Alvin KENNEDY and Eliezer Feliciano, Petitioners, v. MUNICIPALITY OF ANCHORAGE, Respondent.
-- August 16, 2013
Kenneth W. Legacki, Anchorage, for Petitioners.Linda J. Johnson, Clapp, Peterson, Tiemessen, Thorsness & Johnson, LLC, Anchorage, Todd K. Sherwood, Assistant Municipal Attorney, and Dennis A. Wheeler, Municipal Attorney, Anchorage, for Respondent.Jeffrey J. Barber, Barber & Banker, LLC, Anchorage, for Amicus Curiae Alaska Association for Justice.
Two former police officers brought claims against the Municipality of Anchorage for racial discrimination, alleging a hostile work environment in violation of state law. The officers claimed damages for mental anguish, and the Municipality sought discovery concerning the nature of their mental anguish claims. But the officers refused to comply with these discovery requests, invoking the physician and psychotherapist privilege. The Municipality moved for an order to compel the officers to sign releases authorizing the disclosure of medical, pharmacy, and psychological counseling records, which the superior court granted. The officers then petitioned this court for review of the order. Upon review, we conclude that the assertion of garden-variety mental anguish claims in an employment discrimination case does not automatically waive the physician and psychotherapist privilege.
II. FACTS AND PROCEEDINGS
A. The Officers' Claims Under AS 18.80.220
Alvin Kennedy and Eliezer Feliciano (the officers) were police officers with the Anchorage Police Department (APD) who sued the Municipality of Anchorage (the Municipality) for racial discrimination and retaliation. Kennedy is African–American, and Feliciano is Hispanic. They alleged that the Municipality violated state law because APD created a hostile work environment for the officers, in which they were treated disparately because of their races.1 The alleged discrimination includes racially-profiled traffic stops, disparate discipline for questionable investigative searches, hostile remarks and actions concerning the undercover clothing worn by minority officers, reassignment from other units, denial of performance pay increases and promotions, and a retaliatory police investigation. Both claim damages for mental anguish.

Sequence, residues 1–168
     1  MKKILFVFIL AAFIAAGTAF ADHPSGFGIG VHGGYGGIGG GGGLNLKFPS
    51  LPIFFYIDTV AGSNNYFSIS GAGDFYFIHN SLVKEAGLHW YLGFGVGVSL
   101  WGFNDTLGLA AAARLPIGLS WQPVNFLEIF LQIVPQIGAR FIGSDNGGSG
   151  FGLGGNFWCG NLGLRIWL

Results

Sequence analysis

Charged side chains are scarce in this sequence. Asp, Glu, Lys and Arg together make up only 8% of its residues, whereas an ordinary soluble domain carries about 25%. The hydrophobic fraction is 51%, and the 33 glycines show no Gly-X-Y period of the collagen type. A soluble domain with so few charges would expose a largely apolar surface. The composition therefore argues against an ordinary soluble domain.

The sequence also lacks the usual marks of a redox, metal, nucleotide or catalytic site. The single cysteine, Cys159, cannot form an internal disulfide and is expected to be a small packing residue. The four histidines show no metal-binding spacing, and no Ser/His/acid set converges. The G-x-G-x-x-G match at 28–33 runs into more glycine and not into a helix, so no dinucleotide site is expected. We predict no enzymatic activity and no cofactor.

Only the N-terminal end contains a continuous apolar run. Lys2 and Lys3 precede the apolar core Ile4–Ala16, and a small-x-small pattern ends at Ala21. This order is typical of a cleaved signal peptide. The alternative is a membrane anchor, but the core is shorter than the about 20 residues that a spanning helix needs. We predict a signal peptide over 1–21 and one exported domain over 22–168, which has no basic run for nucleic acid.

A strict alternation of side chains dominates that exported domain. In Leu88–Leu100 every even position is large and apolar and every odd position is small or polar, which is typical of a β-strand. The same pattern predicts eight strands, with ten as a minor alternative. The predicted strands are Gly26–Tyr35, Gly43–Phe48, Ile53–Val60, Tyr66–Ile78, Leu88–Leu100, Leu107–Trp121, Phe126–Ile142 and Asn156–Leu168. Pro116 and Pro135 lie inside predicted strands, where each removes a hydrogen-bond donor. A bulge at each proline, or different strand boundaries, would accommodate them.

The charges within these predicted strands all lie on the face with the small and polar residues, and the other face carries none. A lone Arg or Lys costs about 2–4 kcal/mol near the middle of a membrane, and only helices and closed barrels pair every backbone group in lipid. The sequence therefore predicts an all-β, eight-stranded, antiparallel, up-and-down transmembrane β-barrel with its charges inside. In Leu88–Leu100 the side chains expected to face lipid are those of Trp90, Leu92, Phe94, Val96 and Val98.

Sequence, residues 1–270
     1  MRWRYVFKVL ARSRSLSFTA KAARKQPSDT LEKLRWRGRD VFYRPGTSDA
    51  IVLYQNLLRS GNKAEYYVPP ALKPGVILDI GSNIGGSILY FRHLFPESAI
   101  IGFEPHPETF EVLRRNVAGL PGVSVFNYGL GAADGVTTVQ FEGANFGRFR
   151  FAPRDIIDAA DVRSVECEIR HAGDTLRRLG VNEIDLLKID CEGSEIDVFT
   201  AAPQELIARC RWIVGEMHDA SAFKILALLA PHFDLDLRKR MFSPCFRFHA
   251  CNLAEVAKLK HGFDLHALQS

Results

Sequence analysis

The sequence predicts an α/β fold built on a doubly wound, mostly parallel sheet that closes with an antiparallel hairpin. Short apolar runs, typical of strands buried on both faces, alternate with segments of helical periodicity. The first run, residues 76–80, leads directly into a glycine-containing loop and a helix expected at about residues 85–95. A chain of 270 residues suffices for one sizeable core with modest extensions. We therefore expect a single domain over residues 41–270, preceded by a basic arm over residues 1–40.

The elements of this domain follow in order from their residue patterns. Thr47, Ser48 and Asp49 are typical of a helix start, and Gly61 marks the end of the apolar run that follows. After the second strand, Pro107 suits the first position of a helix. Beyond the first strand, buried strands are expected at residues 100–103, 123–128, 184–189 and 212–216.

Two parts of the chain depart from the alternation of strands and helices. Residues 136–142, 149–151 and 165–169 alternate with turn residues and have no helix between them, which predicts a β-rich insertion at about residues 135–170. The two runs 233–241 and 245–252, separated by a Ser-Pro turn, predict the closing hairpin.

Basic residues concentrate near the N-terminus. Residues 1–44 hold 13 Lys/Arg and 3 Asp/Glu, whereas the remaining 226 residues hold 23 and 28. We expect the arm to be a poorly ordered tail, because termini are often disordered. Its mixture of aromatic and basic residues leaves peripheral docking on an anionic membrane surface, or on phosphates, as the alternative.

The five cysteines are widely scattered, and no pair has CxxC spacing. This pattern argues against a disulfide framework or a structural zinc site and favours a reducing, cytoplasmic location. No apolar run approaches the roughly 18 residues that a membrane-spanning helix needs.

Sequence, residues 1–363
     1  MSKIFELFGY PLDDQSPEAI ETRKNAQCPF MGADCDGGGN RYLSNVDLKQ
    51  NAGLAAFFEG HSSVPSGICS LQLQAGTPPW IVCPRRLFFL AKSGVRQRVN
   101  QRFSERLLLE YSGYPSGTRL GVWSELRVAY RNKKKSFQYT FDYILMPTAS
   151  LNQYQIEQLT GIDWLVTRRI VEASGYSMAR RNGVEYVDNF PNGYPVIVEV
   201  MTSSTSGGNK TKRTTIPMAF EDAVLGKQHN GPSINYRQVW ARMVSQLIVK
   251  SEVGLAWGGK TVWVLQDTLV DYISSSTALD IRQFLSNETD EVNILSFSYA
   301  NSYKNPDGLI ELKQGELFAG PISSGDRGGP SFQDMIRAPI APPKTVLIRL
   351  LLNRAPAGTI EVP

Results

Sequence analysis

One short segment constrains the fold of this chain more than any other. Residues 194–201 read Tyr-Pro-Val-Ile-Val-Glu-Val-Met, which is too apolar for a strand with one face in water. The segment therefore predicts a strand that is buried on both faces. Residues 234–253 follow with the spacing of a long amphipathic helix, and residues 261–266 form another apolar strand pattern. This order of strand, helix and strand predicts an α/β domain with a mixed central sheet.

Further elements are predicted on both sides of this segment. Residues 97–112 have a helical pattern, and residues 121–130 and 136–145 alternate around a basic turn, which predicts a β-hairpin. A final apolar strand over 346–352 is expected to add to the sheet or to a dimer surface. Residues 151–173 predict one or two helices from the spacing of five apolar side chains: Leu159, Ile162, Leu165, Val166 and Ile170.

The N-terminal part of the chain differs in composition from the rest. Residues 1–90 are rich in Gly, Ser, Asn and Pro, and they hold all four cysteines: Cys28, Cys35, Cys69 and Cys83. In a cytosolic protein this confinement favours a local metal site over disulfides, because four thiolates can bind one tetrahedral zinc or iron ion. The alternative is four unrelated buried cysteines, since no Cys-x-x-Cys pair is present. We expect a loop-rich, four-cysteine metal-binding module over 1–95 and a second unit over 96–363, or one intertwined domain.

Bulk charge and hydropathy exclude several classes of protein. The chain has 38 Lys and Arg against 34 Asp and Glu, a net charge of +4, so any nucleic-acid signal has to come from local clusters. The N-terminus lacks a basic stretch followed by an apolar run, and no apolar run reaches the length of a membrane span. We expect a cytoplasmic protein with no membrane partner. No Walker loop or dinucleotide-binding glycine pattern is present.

In response to discovery requests from the Municipality, each officer stated how the alleged discrimination had affected him. Kennedy reported that he was “very angry, disappointed and occasionally sad.” He stated that his “trust levels [were] very low” and that he was “discouraged and disappointed” by the actions of the Municipality and APD.
Feliciano stated that he was “disturbed” by the alleged discrimination. He elaborated:
The conduct of the APD has given me the feeling that everything I have done throughout my career has been for naught. I feel sad, resulting in lower activity and feeling anxious, empty, hopeless, helpless, worthless, guilty, irritable and restless. I have experienced insomnia, fatigue, loss of energy, aches and pains, and a strained relationship with my wife and children.
Both officers alleged that they had to retire because of the discrimination they suffered at APD. Both asserted that they had not sought any medical treatment or counseling, nor taken any medication related to their mental anguish claims.
B. Proceedings Below
The officers filed a complaint in June 2010 alleging employment discrimination. They amended this complaint in June 2011 to include claims for retaliation and mental anguish. The Municipality sought discovery, requesting that the officers (1) identify all medical professionals, counselors, and pharmacies that had provided them services since 2005; (2) produce copies of all medical and counseling records since 2005; and (3) sign releases for the same information. The officers refused to comply with these requests.